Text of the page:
Of Grove, a teammate once said: "He could throw a lamb chop past a wolf." Of Junior, almost everyone says he could be the greatest player of all by the time he's done.
One last story before you set out for the polls.
The place is the Polo Grounds on a steamy July day in, let's see, it must be 1954, maybe 1955. On the strength of two Stan Musial home runs, the visiting Cardinals have taken a 9-1 lead into the seventh, or a 10-2 lead, something like that, and with the game surely lost, the home-town fans have fallen glum and mostly silent in the late-afternoon heat. One overheated dump-truck of a guy--I can still see this--fans himself with a half-folded Journal-American. A beer vendor huffs past wearing a sweat-drenched paper hat, and the empty brown bottles rattle in their wire tray. Flies buzz. A lone muffled shout erupts from the deck above, and a knife-edged shadow bisects the vast greenness of the Polo Grounds outfield.
It's a commonplace moment near the end of a meaningless game. So when Ruben Gomez winds and throws to Kenny Boyer and Boyer swings and lofts a flyball to left-center field, the eye follows the flight of the ball lazily, beholding nothing more than another minor phenomenon of physics. Monte Irvin drifts over from left as Willie Mays closes from dead center, but just as the ball reaches its zenith Irvin takes a bad step and sprawls full-flat onto his chest.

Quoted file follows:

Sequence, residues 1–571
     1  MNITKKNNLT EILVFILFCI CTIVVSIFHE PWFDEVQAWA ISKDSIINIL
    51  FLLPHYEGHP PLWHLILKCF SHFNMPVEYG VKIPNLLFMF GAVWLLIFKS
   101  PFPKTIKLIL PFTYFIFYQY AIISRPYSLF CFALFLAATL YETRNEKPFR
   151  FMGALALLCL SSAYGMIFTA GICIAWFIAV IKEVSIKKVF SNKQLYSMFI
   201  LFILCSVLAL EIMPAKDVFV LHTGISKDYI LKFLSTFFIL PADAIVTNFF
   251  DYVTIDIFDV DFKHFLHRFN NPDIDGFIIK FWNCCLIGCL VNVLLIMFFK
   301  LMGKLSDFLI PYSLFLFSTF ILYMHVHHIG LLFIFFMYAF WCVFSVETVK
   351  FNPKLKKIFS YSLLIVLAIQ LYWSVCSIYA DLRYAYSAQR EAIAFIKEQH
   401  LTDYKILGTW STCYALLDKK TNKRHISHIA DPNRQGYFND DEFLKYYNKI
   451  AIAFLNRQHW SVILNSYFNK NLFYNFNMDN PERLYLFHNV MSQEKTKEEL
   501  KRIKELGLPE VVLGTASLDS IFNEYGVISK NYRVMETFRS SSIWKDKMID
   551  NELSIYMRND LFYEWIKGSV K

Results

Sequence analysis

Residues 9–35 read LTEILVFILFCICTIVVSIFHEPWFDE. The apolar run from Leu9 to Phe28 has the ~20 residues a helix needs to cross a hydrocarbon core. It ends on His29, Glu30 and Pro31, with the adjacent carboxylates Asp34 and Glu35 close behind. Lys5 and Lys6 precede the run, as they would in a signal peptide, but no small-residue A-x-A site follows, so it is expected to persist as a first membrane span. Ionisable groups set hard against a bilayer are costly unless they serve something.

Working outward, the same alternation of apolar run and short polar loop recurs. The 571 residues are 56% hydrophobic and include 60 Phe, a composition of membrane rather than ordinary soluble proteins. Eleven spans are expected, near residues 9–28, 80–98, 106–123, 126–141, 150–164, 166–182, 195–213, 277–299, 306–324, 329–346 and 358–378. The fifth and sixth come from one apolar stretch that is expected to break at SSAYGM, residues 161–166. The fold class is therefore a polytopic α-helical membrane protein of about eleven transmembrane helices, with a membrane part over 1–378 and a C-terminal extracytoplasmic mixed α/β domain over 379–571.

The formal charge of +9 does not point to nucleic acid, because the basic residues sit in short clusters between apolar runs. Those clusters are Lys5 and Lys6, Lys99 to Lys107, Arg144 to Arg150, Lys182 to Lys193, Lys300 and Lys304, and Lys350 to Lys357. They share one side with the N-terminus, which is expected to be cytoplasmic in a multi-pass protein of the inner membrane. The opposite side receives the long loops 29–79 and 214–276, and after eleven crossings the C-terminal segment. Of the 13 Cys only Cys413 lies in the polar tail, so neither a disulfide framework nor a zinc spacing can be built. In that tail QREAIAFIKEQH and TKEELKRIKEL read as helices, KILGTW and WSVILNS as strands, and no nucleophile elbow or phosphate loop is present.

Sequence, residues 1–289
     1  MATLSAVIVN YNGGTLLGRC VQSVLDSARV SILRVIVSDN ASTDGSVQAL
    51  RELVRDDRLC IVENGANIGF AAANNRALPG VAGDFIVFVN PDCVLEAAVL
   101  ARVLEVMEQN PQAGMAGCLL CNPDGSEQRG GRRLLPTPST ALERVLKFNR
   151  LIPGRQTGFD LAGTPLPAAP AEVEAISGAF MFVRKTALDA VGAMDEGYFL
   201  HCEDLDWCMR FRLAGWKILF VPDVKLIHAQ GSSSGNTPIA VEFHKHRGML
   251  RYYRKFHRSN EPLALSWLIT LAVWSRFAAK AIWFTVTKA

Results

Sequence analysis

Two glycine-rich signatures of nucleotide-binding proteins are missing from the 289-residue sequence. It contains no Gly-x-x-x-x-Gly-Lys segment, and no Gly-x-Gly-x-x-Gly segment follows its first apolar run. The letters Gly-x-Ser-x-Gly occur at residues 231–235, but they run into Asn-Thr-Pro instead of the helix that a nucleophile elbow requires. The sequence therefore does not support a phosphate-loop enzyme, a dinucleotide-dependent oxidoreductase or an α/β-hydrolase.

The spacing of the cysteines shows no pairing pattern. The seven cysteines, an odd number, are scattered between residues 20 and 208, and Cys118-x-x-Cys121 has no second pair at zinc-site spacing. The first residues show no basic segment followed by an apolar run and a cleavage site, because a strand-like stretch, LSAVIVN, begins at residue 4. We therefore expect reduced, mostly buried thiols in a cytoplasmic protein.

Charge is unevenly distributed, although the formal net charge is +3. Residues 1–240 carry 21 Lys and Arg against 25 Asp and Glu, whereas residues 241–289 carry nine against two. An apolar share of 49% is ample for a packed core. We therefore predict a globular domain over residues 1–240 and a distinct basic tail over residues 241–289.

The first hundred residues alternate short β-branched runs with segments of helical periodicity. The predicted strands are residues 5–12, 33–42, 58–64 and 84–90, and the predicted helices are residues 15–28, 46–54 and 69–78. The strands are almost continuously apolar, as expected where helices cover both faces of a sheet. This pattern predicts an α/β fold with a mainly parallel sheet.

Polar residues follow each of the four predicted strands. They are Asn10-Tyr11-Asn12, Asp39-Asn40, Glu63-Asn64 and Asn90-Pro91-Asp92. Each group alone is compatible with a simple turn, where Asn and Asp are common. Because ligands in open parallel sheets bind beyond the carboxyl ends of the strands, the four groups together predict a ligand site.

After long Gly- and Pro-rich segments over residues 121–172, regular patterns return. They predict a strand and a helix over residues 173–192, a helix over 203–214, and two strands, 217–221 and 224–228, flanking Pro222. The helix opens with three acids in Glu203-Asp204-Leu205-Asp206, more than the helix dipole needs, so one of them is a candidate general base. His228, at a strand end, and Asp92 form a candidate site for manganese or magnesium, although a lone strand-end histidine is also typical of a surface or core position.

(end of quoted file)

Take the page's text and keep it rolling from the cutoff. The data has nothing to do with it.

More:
A commonplace moment? No longer. Even while Boyer's fly is arching down through sunlight and shadow, the lean, young Mays sweeps his fallen teammate onto his feet and hands back to him his black-and-orange cap. In the next seamless motion, Mays glances skyward and gloves the fast-descending ball as though it were a wad of paper tossed across a table by a child. Together, the two outfielders trot to the dugout, smiling and joking.
Of all the things I've seen in baseball, which is a heartbreakingly beautiful game, that is the most beautiful, the most graceful. It says the most about the ease of great players, and it is what I'll always remember about Willie Mays. Not the .302 lifetime batting average, not the 660 home runs, not the famous catch and throw on Vic Wertz's liner, not the 338 stolen bases. Not even the sad final at-bat in the 1973 World Series.
Here's to you, Willie. You've got my vote. Fact is, you've always had it.
They look like beer trucks, think like cops and have been convinced they don't get due respect ever since Roberto Alomar spit in John Hirschbeck's face in 1996. The public notices them only when they screw up, and even their bosses are quick to criticize--especially over the uncertain definition of what used to be the strike zone.